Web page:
Mr. President, Why Won't Your Administration Enforce Porn Laws?

President Obama
President Obama

The porn industry just ended its self-imposed shutdown, but one must wonder why. The industry stopped shooting films after four porn stars tested positive for HIV in the last month. However, HIV is only one of many health problems common to the industry. Others include chlamydia, gonorrhea and herpes. And though these infections often leave permanent damage, they are but a small part of the devastation pornography brings.

Harms from pornography include increased demand for sexual trafficking, increased violence against women, widespread addiction, the sexual exploitation of children and a host of other debilitating problems.

Sexual trafficking has long been linked to pornography. Dr. Donna M. Hughes, a University of Delaware professor and leading human trafficking activist, notes that because women used in the production of commercial pornography in the U.S. are often subjected to unexpected violence and coercion during filming, their experiences often meet the criteria for sex trafficking. If so, it is time the U.S. Department of Justice enforced the federal Trafficking Victims Protection Act against porn studios and its producers.

University of Pennsylvania psychologist Dr. Mary Anne Layton warns that frequent porn consumers are developing “permission-giving beliefs” from what they see and thus acting out the violence so commonly depicted in porn movies. Pornography makes violence sexy, she says.

Addiction to pornography is an overwhelming problem. On average, an addict will have encountered porn at a young age and begun regularly consuming it in their teens. By early adulthood, they will have moved to edgier, more taboo material in order to maintain excitement. Psychiatrist Norman Doidge describes this slide to deviance in his best-selling book The Brain That Changes Itself, noting that pornography, by offering an endless harem of sexual objects, hyperactivates an appetite system in the brain that demands constant attention.

The harm to consumers ranges far beyond addiction. For example, Psychology Today Online reported a study two years ago that identified something called “porn-induced sexual dysfunction.” This so-called “Viagra problem” is a growing phenomenon for men in their 20s, the study indicated. It results from years of pornography consumption accompanied by masturbation.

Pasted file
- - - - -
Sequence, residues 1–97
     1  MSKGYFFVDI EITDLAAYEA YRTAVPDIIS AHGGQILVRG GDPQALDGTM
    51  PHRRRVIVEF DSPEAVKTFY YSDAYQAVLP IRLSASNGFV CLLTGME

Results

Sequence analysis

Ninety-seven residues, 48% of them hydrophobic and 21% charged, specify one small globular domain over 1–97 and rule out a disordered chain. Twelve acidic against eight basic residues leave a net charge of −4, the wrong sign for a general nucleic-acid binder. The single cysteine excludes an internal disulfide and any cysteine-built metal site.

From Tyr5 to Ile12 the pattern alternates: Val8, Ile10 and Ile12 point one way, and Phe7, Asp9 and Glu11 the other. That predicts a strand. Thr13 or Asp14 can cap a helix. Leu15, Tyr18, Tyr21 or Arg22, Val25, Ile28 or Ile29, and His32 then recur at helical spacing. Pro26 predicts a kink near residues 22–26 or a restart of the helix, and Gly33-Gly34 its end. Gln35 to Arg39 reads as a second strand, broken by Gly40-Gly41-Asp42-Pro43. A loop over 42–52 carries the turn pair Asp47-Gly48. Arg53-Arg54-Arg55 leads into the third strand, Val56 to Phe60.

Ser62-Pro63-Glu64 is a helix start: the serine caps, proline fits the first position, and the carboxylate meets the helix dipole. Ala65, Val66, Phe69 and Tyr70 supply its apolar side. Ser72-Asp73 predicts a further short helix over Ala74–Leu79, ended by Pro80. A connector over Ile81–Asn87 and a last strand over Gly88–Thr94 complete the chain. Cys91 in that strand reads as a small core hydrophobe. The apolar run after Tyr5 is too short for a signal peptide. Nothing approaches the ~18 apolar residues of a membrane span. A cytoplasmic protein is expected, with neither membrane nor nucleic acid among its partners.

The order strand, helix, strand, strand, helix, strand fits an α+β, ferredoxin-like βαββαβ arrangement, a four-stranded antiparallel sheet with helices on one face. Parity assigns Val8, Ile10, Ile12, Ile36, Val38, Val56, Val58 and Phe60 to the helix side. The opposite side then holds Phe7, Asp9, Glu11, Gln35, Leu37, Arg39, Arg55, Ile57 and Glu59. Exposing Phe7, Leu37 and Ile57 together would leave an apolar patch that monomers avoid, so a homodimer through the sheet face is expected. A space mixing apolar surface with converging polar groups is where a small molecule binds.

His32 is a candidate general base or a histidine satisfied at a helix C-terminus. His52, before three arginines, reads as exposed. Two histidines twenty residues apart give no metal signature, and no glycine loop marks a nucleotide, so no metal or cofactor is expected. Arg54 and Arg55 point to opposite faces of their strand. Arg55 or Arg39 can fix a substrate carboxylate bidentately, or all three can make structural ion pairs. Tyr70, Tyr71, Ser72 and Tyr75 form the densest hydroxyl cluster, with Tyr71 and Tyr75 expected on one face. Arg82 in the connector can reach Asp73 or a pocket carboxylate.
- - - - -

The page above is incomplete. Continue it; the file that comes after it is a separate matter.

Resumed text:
There is also the growing problem of child pornography that must be considered. Law enforcement officials who work child pornography cases often note that many adult porn users eventually move to child porn to satisfy a powerful desire for harder and more deviant material. Perhaps this is a result of the brain hyperactivity described by Doidge, but the adult-to-child-porn connection should not be ignored. Child pornography is an explosive problem in society.

Children are harmed in another way too. In today’s Internet Age, they have easy access to pornography and a porn industry all too willing to feed it to them. This volatile combination leads children to seek out porn at younger ages than ever before, and it is affecting them negatively.

Pediatrics professor Dr. Sharon Cooper of the University of North Carolina warns of the damage to the pre-frontal cortex of the developing brains of children caused by regular porn consumption. The pre-frontal cortex, she notes, is the home of good judgment, common sense, impulse control and emotion.

We are beginning to see these damaging effects. A recent report from the U.K. indicates that pornography has turned more than 4,500 British children—some of them as young as 5—into sexual offenders. That’s a nation of 62 million. We have more than 300 million in the U.S. and have no reason to expect a different result here. Child-on-child sex abuse is a growing problem in the U.S., and it is tied to porn use among children.

Pornography is causing an untreated pandemic of harm, and we have hardly begun to deal with the consequences. Yet federal laws that could halt the harm remain dormant due to the attorney general of the United States, Eric Holder, who refuses to allow these laws to be used, despite demands from many in Congress and the public. Currently, it is a violation of federal law to distribute hardcore or “obscene” pornography on the Internet, on cable/satellite TV, on hotel/motel TVs, in retail shops, through the mail and by common carrier such as FedEx. Imagine what a different country we would have if these laws were vigorously enforced.

Patrick A. Trueman is president of Morality in Media and former U. S. Department of Justice chief of the Child Exploitation and Obscenity Section.

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